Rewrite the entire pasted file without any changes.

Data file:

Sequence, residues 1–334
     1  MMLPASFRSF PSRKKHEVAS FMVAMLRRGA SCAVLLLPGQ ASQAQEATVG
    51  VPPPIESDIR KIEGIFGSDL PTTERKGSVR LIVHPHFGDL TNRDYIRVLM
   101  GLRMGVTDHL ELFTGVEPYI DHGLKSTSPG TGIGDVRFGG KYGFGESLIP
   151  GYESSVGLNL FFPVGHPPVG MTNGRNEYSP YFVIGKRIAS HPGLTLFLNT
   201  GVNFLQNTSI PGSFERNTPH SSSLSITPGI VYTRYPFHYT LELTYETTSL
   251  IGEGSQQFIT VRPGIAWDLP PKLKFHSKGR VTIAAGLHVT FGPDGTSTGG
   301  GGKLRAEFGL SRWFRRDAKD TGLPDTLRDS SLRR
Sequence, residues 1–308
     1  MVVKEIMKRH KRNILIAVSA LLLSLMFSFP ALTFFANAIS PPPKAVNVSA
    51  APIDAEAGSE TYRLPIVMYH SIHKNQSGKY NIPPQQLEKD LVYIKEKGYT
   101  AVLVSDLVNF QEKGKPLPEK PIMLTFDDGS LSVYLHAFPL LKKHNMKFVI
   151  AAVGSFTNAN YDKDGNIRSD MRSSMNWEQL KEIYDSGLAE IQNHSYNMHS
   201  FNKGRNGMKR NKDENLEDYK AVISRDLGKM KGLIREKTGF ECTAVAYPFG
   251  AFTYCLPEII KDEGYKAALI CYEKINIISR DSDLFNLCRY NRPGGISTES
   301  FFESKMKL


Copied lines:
Sequence, residues 1–334
     1  MMLPASFRSF PSRKKHEVAS FMVAMLRRGA SCAVLLLPGQ ASQAQEATVG
    51  VPPPIESDIR KIEGIFGSDL PTTERKGSVR LIVHPHFGDL TNRDYIRVLM
   101  GLRMGVTDHL ELFTGVEPYI DHGLKSTSPG TGIGDVRFGG KYGFGESLIP
   151  GYESSVGLNL FFPVGHPPVG MTNGRNEYSP YFVIGKRIAS HPGLTLFLNT
   201  GVNFLQNTSI PGSFERNTPH SSSLSITPGI VYTRYPFHYT LELTYETTSL
   251  IGEGSQQFIT VRPGIAWDLP PKLKFHSKGR VTIAAGLHVT FGPDGTSTGG
   301  GGKLRAEFGL SRWFRRDAKD TGLPDTLRDS SLRR
Sequence, residues 1–308
     1  MVVKEIMKRH KRNILIAVSA LLLSLMFSFP ALTFFANAIS PPPKAVNVSA
    51  APIDAEAGSE TYRLPIVMYH SIHKNQSGKY NIPPQQLEKD LVYIKEKGYT
   101  AVLVSDLVNF QEKGKPLPEK PIMLTFDDGS LSVYLHAFPL LKKHNMKFVI
   151  AAVGSFTNAN YDKDGNIRSD MRSSMNWEQL KEIYDSGLAE IQNHSYNMHS
   201  FNKGRNGMKR NKDENLEDYK AVISRDLGKM KGLIREKTGF ECTAVAYPFG
   251  AFTYCLPEII KDEGYKAALI CYEKINIISR DSDLFNLCRY NRPGGISTES
   301  FFESKMKL